“Viva la causa!”
This was the cry heard in the scorching California heat as hundreds of Latinx farmers were led by Cesar Chavez in the 1960s. They chanted as they fought for basic human rights, like protection from polluted air—something this community is still fighting for today.
Latinx communities have played a vital role in the environmental justice movement, yet this is a group whose narrative has been consistently left out of climate change conversations. Furthermore, a recent study by the NRDC found that our nation’s 56 million Latinxs are especially vulnerable to health threats posed by climate change because of where they live, work and lack access to health care.
The heartbreaking combination of lack of inclusion and increased vulnerability was a core topic at a panel discussion at the 2nd Annual Environmental Forum last month: “The State of the Environment: Latinx Communities Fighting Climate Change.” It was inspiring to hear four courageous Latinx voices emerge discussing environmental issues in a traditionally white-dominated conversation about climate change.
This event is further proof of the increasingly important role that the Latinx community plays in tackling climate change. Their leadership in climate justice is worth celebrating and emulating—and not just during National Hispanic Heritage Month.
In fact, on a national scale, there are many self-identified Latinx leaders active in climate justice. In Florida, Nicole Hernandez is leading the fight in educating the Latinx community that catastrophes such as flooding are due to climate change. She organizes her community to be more involved in climate conversations by holding their government officials accountable and by exercising the power of their vote.
In California, where Los Angeles and Long Beach are ranked among the highest for ozone pollution, Latinx communities are partnering with East Yard Communities for Environmental Justice (EYCEJ) to raise awareness of the impacts of industrial pollution on West Long Beach residents.
Even with all of this progress, inequality still exists. People of color are still disproportionately impacted, and bitter disputes continue to erupt over conservation proposals. Climate scientist, Astrid Caldas acknowledges that there is more work to be done. The panel discussion continued with the following question:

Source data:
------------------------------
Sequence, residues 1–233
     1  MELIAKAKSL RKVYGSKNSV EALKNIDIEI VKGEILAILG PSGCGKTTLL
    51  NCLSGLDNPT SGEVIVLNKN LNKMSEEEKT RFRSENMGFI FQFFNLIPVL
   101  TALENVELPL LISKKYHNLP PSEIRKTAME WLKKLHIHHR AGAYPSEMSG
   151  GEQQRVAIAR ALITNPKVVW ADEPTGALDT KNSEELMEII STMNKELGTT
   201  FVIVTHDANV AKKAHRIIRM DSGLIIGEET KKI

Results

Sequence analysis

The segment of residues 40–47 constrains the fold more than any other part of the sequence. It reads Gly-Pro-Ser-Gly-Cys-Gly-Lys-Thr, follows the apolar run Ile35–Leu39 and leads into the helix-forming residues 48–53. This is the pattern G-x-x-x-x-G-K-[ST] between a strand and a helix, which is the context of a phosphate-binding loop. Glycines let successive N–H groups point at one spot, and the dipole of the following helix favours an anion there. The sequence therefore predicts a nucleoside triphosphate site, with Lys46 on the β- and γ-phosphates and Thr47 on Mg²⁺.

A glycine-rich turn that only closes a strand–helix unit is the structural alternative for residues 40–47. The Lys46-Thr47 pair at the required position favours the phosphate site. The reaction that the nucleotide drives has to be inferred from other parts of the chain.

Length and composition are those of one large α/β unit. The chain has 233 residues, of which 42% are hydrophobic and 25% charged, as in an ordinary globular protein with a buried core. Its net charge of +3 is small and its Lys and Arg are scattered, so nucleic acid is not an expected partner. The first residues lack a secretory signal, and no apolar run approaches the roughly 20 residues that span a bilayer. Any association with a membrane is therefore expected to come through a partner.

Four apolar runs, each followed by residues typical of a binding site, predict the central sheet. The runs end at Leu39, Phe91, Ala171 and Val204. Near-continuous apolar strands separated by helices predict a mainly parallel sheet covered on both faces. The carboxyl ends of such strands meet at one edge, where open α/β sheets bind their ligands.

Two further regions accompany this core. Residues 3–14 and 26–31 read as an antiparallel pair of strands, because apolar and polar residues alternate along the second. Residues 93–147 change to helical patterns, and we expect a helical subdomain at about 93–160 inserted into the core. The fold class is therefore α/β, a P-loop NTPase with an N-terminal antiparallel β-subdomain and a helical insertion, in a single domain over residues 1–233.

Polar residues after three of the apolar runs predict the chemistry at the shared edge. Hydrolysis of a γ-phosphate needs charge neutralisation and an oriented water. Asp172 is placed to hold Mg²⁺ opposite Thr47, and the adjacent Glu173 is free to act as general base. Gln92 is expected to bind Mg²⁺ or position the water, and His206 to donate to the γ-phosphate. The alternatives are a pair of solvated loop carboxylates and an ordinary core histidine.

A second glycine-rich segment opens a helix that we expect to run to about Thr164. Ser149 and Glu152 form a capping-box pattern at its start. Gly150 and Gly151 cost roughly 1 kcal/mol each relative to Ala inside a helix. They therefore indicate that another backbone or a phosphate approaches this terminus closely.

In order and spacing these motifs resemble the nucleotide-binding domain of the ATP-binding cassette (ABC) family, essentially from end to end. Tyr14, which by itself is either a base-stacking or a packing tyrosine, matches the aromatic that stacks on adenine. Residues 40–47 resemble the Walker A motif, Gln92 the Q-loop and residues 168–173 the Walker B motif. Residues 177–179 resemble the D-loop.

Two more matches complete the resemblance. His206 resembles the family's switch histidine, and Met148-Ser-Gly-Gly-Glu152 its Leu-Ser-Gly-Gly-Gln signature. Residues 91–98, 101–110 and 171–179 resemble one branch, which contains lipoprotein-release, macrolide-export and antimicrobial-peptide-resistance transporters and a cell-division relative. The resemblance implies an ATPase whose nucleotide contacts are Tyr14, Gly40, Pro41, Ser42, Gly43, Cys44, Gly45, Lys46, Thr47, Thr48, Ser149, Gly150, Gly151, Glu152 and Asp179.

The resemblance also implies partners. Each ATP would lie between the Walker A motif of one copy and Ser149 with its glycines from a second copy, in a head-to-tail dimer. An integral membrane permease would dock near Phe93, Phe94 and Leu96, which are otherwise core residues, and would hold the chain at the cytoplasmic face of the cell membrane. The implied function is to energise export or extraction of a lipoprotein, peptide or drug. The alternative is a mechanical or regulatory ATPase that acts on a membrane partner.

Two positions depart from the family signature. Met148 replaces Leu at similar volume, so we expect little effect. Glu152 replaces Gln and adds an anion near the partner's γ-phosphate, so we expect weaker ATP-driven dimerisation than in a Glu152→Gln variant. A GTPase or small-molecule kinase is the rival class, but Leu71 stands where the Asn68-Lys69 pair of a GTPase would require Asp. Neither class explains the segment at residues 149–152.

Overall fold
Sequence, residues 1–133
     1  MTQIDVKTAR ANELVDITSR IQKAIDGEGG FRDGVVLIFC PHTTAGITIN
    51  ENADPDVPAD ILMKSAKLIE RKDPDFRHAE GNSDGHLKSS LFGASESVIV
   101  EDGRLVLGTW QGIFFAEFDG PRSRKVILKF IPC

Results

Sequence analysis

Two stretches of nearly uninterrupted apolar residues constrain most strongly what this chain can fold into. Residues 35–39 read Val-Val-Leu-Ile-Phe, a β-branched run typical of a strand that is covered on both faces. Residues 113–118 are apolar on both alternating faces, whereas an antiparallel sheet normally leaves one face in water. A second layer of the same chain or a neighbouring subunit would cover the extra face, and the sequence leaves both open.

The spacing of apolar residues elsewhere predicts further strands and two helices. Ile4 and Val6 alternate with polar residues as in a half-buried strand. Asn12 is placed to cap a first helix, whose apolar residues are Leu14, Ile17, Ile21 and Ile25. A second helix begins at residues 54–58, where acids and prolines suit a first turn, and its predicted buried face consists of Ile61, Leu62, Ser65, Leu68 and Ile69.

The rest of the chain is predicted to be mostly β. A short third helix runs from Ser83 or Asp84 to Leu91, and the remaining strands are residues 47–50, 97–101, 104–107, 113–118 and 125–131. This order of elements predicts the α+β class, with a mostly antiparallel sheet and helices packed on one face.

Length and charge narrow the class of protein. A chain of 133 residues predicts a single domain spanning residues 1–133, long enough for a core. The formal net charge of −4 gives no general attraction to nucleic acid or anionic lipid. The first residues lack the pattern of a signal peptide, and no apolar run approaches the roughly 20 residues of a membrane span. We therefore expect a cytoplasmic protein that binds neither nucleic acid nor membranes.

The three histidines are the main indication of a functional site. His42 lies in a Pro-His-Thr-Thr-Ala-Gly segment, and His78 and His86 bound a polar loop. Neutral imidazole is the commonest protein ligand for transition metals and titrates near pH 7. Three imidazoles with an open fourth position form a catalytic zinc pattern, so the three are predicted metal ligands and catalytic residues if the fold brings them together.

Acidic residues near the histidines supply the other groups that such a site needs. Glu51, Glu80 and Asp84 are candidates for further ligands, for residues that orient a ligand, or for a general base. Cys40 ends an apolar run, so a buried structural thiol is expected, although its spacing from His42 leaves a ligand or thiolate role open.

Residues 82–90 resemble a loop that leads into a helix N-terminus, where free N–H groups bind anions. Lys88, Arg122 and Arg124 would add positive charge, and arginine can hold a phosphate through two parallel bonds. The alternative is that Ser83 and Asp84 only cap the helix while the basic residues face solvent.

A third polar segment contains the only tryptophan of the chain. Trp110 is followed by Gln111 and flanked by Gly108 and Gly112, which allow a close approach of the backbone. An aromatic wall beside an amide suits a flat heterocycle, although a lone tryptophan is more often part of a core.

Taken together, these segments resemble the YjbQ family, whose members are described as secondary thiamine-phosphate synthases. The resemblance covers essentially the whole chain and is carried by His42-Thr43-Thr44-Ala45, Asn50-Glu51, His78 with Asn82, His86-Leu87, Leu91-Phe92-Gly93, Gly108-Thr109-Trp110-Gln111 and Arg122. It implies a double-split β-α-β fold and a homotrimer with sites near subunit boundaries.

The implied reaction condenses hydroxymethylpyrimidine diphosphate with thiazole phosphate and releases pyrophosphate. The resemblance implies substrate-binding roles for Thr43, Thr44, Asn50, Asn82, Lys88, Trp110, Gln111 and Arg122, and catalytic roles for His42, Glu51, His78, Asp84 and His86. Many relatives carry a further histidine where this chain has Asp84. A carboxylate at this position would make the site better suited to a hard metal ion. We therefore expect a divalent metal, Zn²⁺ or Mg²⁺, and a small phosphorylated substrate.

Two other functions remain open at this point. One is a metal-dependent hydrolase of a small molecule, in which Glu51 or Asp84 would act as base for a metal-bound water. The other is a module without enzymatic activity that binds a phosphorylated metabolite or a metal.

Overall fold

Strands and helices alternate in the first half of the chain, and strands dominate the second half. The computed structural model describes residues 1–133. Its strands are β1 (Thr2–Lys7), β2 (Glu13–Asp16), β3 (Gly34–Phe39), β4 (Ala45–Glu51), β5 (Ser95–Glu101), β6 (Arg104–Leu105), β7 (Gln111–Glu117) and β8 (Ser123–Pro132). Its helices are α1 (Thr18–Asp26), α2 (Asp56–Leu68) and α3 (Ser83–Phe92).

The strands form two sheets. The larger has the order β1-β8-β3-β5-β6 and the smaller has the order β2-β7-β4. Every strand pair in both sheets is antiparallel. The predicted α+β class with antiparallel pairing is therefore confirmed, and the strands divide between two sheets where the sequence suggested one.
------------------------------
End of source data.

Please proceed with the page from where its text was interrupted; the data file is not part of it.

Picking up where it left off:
“If we believe that climate change does not discriminate, how can we create policies that serve climate justice?”
Niria Alicia Garcia, a Xicana community organizer, shared a powerful message from her experience in “ … committing to bringing spirit and culture into her work for migrant justice, climate justice and indigenous rights.”
“If it is not free or accessible, then it is not radical and it is not real. If we can ground ourselves in that understanding and really work to find the biggest challenge that we are facing, I realize that it all comes down to greed and self-centeredness. We live in a society where we are rewarded for being greedy and not sharing and a ‘Me! Me! Me!’ mindset and ‘I have rights.’ Well, what about our responsibility? We shouldn’t be talking about rights if we do not have responsibilities to our waters, to our lands, or to our future generation. And it is important to always ask yourself, ‘Are my solutions inclusive of our most oppressed relatives, migrant relatives or indigenous relatives?’ If we can root ourselves in that understanding then we’ll be able to create true solutions.”
I was inspired to hear many Latinx leaders speak at the 2nd Annual Environmental Forum.
I recognize that whether the policies are constructive or destructive depends largely on whether humans are guided by a genuine concern for other living things and all communities. If these policies discriminate and burden certain communities more than others, then those are not real solutions. Therefore, as humans, we must aim to adopt solutions through policies that are focused on every form of life. We also need to embrace an alternate perspective that requires a redirection of human actions from unfair exploitation to equitable stewardship.
It shouldn’t be controversial that climate justice is an issue that affects us all. And including the 56 million-strong Latinx community in important climate decisions is critical to finding climate solutions that support us all and our beautiful world.